15 minutes or so to sear them on all sides. They look so beautiful already, but will only get better after 3-4 hours in a pot of sauce. Can you speed this up? Probably, but some foods like braciole or meatballs just get so much better as a result of being cooked in a pot of sauce for a few hours. And, a little delayed gratification never hurt anyone.
Here they are in all their glory. Grated Parmigiano-Reggiano or Pecorino finishes the dish. You will want to make a whole Italian meal out of this. Meatballs, sausage, and a nice plate of pasta with some crusty Italian bread would surely be welcome additions. Enjoy!
Check out these other Italian dishes:
- Roasted Garlic White Pizza
- Roasted Broccolini And Sausage
- Italian Roasted Peppers
- Broccoli Rabe Sausage Rolls
- Clams In Red Sauce
- Baked Portobello Mushrooms With Bruschetta
- Cheeseless Pizza With Heirloom Tomatoes
Also the drink pairings:
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A classic in many Italian-American households. A thin coating of breadcrumbs, cheese, raisins, and pine nuts is spread on pounded flank steak. Roll up, sear and cook in red sauce, the longer the better.
- 1.25-1.5 pound flank steak
- 3 Tbsp pine nuts
- 1/2 cup chopped parsley
- 1/2 tsp pepper
- 1 tsp kosher salt
- 1 cup breadcrumbs
- 2 Tbsp garlic paste
- 3 Tbsp raisins
- 3 Tbsp olive oil
- 1/2 cup grated parmigiano reggiano
- 1 roll kitchen twine
Pound out flank steak into 4 equal pieces roughly 1/4" thick. Using plastic wrap on bottom and top of meat makes it easy to flatten meat and avoid a mess. A good size for the meat is 5" by 7". This allows for an easy roll up and ability to tie them up like in the picture.
Arrange the 4 pieces of meat out on a cutting board and spread a 1/4 of the garlic paste on each piece. Next, sprinkle them with salt and pepper.
Then sprinkle 1/4 of the breadcrumbs, raisins, cheese, parsley, and pine nuts onto each piece.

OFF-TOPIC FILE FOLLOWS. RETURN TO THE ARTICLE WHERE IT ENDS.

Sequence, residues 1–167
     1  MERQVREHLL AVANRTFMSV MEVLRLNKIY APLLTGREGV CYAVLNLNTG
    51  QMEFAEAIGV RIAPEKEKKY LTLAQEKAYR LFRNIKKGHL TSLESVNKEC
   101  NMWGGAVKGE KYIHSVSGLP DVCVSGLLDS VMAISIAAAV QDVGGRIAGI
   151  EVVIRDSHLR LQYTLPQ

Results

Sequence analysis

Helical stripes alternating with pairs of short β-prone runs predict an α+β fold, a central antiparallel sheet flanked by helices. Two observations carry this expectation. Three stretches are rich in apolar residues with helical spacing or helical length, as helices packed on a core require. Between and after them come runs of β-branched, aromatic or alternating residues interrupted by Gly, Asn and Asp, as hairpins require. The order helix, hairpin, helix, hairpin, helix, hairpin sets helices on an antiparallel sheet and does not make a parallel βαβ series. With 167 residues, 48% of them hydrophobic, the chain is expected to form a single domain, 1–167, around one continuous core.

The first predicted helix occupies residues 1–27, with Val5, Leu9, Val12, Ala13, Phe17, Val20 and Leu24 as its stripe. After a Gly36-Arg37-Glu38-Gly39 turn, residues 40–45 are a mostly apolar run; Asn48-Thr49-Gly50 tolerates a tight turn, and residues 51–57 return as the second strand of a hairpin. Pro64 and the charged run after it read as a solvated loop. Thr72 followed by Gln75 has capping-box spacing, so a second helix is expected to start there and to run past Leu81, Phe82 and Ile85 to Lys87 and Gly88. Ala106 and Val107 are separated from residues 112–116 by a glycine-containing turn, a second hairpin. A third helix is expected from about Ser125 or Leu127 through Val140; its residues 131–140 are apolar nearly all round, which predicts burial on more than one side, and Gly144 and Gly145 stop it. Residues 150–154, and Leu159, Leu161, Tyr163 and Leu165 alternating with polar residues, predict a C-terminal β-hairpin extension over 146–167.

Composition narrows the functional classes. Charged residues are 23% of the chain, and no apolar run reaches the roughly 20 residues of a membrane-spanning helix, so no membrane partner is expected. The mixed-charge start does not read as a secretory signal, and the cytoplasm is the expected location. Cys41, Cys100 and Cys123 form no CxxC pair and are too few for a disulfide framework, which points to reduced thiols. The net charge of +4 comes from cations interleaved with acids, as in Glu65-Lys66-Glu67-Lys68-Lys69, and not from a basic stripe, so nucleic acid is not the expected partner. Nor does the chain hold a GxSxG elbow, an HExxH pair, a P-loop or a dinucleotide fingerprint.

You should have a thin layer of the mixture on each of the 4 pieces. Roll them up tightly and tie kitchen twine around them to keep them together. Don't be shy with the twine, it will all be taken off before the meat is served. Toothpicks can also be used.
Heat a large pan on medium heat with olive oil. Sear the pieces on all sides, turning them every 2 minutes or so to brown them nicely. The whole frying process should take roughly 10-15 minutes.
After the braciole is fried, add to pot of sauce and cook them for 3-4 hours. The longer the better, but no more than 10 hours.
Remove braciole from sauce and cut away twine with knife or kitchen scissors. Serve with grated parmagiano reggiano, bread, and pasta for a complete meal. Enjoy!
Beef Braciole are a family favorite. This recipe is just one of many ways I have prepared them. Sometimes I will place slices of of prosciutto and provolone in them and skip the pine nuts and raisins. Other times a little basil and chopped hard boiled egg are used. As you can see, they can be made many ways. As long as they are seasoned correctly and cooked in the sauce long enough they will be delicious!